Everything You Need To Know About The Lynx
1. What it is: The lynx is a medium-sized wildcat. They are solitary creatures who live in remote forests - currently they are found in parts of North America, Europe, and Asia. Lynx can live over 20 years in captivity but usually just reach their teens in the wild. They are carnivorous animals. Canada lynx live on a diet of mice, squirrels, birds, and hare whilst Eurasian lynx feed on larger prey such as deer. They are excellent hunters as they have very good hearing and eyesight. They have incredibly beautiful fur which means they have often been the target of hunters.
2. Why they were extinct in the UK: It is believed that the lynx disappeared from the UK between 500 and 700 AD. Most theories believe that they were driven to extinction by a mixture of deforestation and hunting for fur and sport. As well as the fact they have beautiful fur, some believe that lynx may have been hunted to stop them from attacking livestock such as sheep.
3. Bringing them back to the UK: The Lynx UK Trust has been pushing to reintroduce lynx into the British wild since 2014. They argue that lynx are native to the UK and would still be living here if it wasn't for human interference. Most importantly, the disappearance of lynx in Britain has led to an overpopulation of deer which is damaging to forests.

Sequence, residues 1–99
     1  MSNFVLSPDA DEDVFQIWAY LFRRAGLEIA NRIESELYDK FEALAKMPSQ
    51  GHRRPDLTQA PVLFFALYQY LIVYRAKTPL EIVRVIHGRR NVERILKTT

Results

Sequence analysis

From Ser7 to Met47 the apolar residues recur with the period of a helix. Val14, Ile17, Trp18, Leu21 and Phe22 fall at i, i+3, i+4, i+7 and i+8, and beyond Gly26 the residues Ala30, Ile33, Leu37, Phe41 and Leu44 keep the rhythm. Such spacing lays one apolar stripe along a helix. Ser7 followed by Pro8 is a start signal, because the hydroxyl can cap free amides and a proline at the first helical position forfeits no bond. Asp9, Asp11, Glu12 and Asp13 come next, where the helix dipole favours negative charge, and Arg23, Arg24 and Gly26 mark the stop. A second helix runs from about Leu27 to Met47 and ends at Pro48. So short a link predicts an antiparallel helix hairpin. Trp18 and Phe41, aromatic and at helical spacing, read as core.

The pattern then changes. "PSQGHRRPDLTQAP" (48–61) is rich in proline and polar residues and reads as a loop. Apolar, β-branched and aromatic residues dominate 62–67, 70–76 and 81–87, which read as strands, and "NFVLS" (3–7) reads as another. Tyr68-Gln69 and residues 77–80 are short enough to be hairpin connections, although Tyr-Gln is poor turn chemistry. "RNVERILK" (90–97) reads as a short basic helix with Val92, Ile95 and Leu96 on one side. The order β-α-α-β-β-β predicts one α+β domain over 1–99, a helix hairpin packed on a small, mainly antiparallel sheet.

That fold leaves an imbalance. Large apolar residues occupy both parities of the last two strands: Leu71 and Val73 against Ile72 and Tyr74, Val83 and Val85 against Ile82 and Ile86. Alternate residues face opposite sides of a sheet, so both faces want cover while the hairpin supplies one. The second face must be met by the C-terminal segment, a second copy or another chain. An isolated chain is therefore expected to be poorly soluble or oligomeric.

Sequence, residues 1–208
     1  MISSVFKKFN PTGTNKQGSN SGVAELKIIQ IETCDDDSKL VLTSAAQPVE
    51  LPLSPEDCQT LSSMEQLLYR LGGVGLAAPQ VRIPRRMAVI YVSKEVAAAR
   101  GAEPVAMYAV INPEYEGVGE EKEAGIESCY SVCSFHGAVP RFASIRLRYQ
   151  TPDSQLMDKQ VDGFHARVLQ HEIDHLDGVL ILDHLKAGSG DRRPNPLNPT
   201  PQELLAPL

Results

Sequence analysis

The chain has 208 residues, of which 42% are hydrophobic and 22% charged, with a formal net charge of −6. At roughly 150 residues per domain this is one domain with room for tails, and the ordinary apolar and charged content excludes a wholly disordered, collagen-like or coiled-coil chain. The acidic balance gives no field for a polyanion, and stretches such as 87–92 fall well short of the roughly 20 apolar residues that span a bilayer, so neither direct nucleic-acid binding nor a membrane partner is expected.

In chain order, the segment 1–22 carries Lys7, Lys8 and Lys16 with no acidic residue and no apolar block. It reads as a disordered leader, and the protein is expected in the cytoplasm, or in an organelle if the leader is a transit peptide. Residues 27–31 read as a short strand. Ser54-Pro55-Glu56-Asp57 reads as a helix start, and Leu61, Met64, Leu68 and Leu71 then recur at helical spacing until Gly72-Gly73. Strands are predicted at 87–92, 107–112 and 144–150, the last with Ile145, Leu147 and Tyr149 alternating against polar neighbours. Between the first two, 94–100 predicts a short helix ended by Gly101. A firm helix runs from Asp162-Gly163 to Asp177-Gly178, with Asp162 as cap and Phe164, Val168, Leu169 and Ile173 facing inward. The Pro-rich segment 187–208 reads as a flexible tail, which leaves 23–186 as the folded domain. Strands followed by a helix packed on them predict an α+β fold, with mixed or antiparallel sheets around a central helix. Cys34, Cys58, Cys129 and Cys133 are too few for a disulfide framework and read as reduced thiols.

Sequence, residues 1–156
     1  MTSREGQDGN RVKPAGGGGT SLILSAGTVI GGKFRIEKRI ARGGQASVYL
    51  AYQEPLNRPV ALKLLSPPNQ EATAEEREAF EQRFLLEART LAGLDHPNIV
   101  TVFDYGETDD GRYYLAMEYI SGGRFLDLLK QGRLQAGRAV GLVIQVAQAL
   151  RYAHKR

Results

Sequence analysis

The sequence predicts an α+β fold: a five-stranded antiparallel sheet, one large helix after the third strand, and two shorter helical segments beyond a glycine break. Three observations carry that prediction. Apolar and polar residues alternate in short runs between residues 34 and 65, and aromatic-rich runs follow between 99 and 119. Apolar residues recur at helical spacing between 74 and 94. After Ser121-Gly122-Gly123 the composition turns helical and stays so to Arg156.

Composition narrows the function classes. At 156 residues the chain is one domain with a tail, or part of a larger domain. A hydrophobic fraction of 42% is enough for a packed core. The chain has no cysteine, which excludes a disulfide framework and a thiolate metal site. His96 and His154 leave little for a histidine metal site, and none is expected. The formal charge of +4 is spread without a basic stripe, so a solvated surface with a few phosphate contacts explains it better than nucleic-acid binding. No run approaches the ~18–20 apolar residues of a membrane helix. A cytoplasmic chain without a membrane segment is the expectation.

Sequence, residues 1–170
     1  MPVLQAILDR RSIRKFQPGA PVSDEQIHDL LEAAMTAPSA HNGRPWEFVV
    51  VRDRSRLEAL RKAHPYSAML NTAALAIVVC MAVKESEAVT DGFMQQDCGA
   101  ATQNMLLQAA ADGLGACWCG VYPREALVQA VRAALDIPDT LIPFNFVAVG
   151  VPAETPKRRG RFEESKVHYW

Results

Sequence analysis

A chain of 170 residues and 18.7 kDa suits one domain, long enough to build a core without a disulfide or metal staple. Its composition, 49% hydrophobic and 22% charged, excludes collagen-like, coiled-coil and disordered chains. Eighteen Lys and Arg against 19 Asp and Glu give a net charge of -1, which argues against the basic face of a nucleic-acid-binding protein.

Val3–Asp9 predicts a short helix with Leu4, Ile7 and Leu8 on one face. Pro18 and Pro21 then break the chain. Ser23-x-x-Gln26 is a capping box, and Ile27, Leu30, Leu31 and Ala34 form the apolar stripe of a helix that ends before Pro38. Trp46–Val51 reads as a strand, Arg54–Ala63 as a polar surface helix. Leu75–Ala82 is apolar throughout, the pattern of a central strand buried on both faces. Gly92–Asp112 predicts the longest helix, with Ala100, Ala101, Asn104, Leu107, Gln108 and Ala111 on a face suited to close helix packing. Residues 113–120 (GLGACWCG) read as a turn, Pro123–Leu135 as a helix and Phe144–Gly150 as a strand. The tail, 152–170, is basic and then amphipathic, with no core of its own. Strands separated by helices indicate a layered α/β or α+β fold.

4. The behaviour of lynx: Lynx are classed as 'super-predators' which may make them sound a little scary but your pet cat is also classed as a super-predator. This just means that they are capable of tackling prey up to and beyond their own weight single-handedly. Lynx are documented as having taken down deer up to three times their size.
However, throughout recorded history no human has ever been attacked by a wild lynx. Lynx avoid humans as much as possible and would never choose to attack us if they were to come across us. They are also very unlikely to pose any risk to domestic animals like cats and dogs.
5. The reintroduction of the lynx: The proposal is to release six lynx, two males and four females, into the Kielder forest in Northumberland. This forest was chosen because it has a large deer population, ample forest area and no major roads. If the trial is approved, these lynx will be brought from Sweden, where the population is thriving. They would all be fitted with GPS collars so that researchers can keep track of them at all times. They will be heavily studied to see how they behave and whether they breed.
Even if lynx are successfully reintroduced to Britain, it is highly unlikely that you will ever come across one. Lynx stick to forests, avoiding humans at all costs. They are also nocturnal creatures and seeing a lynx in the wild would be a truly rare and special experience.